The tech industry started treating Agile as a remedy for everything. It is not. The overall hype has pushed the deep understanding of agility to the backstage, and it was the worst move we could make.
Let’s put a few things straight first. There are two main sets of wisdom and knowledge in the universum of Agile. There’s the philosophy of nourishing flexibility and sanity in complex software-related endeavors, which I cherish and praise by reading a line from The Manifesto every other day at least.
There’s also a family of methods, many of which have very little in common, that landed under the Agile umbrella as the new, one and only way to go in many different business settings.
Today, I’ll discuss both and will spare no one.
From now on, please forget about all the gospel truths about developing groundbreaking products from scratch, doing twice the amount work in half the time, addressing complex adaptive problems in cross-functional teams, how wonderful Google design sprints are, and your last week’s pair programming sessions.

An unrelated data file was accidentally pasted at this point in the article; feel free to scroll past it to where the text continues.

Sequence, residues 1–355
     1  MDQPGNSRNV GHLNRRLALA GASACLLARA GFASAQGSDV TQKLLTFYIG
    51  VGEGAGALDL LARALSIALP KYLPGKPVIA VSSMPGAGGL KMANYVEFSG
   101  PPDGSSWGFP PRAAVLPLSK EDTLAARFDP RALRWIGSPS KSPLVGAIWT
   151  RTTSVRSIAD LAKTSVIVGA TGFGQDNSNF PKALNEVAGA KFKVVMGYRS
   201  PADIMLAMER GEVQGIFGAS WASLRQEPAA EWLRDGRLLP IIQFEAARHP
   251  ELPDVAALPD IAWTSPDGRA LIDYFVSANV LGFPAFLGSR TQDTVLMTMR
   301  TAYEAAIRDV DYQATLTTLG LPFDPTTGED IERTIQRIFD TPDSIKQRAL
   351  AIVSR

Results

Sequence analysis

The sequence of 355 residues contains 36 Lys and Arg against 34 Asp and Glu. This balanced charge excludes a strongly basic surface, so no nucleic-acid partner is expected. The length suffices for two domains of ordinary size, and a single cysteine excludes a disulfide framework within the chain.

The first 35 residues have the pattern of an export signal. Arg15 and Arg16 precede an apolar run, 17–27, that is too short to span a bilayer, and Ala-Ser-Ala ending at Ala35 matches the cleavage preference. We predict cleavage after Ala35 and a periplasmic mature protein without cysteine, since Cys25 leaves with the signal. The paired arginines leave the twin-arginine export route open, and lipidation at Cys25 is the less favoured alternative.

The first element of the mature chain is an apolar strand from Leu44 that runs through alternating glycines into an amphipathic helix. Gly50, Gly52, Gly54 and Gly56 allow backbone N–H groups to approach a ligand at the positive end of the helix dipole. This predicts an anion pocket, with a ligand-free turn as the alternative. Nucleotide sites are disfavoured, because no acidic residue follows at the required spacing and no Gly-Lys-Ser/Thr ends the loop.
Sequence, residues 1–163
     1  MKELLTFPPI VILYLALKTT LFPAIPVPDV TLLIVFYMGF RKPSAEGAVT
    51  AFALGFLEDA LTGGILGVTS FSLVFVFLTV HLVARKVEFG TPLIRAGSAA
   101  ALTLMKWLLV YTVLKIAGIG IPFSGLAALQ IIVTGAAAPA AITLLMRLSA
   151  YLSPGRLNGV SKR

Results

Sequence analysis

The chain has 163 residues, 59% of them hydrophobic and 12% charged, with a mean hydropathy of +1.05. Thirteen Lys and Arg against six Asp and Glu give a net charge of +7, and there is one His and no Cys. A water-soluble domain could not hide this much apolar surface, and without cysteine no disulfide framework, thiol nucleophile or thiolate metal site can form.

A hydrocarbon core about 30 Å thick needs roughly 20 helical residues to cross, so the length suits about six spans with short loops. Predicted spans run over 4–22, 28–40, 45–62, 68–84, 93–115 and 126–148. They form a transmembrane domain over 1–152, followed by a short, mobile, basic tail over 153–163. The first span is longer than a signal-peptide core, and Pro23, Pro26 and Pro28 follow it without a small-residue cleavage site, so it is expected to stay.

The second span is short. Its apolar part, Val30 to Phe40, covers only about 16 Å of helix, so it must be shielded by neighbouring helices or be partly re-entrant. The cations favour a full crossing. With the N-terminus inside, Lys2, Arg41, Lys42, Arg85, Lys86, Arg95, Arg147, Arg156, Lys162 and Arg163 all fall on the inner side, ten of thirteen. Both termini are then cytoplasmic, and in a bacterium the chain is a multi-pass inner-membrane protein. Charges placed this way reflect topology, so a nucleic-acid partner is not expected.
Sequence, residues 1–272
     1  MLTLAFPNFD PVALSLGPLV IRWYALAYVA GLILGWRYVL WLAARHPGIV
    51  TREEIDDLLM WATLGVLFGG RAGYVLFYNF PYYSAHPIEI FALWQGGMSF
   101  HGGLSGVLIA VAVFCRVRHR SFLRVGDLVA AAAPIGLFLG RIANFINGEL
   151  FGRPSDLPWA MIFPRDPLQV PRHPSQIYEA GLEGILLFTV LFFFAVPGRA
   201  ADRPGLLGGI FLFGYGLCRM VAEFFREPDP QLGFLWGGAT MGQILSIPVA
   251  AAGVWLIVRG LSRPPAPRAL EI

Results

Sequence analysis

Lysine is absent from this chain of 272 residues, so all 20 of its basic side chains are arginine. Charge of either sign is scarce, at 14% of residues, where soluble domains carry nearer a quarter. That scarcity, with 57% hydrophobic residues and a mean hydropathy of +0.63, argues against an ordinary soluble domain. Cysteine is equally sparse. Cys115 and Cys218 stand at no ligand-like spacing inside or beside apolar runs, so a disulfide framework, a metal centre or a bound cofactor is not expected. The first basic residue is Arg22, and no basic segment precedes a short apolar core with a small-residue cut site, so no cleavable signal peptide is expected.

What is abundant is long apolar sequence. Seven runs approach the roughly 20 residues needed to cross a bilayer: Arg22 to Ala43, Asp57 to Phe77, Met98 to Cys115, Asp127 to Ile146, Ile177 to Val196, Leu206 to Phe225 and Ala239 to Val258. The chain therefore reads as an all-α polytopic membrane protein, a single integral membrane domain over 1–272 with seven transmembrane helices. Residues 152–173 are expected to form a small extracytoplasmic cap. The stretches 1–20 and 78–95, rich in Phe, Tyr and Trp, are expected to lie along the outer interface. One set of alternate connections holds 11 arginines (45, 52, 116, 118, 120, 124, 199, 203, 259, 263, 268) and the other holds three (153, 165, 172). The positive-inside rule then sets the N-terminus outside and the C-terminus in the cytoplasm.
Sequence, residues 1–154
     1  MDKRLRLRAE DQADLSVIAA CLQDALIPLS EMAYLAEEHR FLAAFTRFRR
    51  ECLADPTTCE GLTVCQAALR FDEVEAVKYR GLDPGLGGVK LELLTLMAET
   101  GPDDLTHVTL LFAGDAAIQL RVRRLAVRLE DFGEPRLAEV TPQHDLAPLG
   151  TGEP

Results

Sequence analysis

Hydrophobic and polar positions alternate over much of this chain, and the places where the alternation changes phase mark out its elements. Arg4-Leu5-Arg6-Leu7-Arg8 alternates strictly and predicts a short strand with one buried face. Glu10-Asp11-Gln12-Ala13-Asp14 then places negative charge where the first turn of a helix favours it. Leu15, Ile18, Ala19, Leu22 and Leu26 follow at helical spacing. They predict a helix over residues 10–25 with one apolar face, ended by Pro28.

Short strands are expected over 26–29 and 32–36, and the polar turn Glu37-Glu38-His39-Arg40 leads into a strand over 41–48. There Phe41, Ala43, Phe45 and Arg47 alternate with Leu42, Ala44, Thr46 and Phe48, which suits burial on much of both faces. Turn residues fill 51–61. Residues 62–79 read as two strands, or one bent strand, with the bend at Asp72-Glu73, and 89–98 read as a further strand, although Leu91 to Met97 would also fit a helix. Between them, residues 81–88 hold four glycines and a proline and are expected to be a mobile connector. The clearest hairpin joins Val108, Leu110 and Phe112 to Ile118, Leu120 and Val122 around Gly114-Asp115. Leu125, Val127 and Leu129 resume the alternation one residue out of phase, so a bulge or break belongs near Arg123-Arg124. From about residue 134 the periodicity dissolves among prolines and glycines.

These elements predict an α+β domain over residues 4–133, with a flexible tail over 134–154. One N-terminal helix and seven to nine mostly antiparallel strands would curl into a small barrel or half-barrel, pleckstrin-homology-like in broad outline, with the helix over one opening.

Do, or do not. There is no try
October 12th, Wednesday morning. The second day of the AgileByExample conference in Warsaw, Poland. Agile people, agile talks, agile everything. Among them, an agile booth of one of the big Polish financial companies. Apparently, they are so agile that they even have printed a branded deck of planning poker cards.
Seeing all that, I wonder – I want to know their experience. It’s unbelievably interesting how such a massive company works using one of the techniques. ‘As for now, we have around 70 people working in Scrum, we got Scrum Masters and stuff, it’s so cool!’ – one of the guys says. I immediately follow up:
– All right, so how long have you been working like that and how are you doing?
– About a year or so. We do daily stand-ups, retrospectives, everybody enjoys it very much.
– OK, so 70 people sound like a pretty big organism. How do you coordinate the work?
– Well, it’s about 10 Scrum teams.
– But how do you scale all of this? How do these 10 Scrum teams work to achieve compatible increments? Are you using any framework for that, like SAF, or Nexus?
– Oh, we don’t scale yet, you know. They don’t sync much. We’re just trying it out.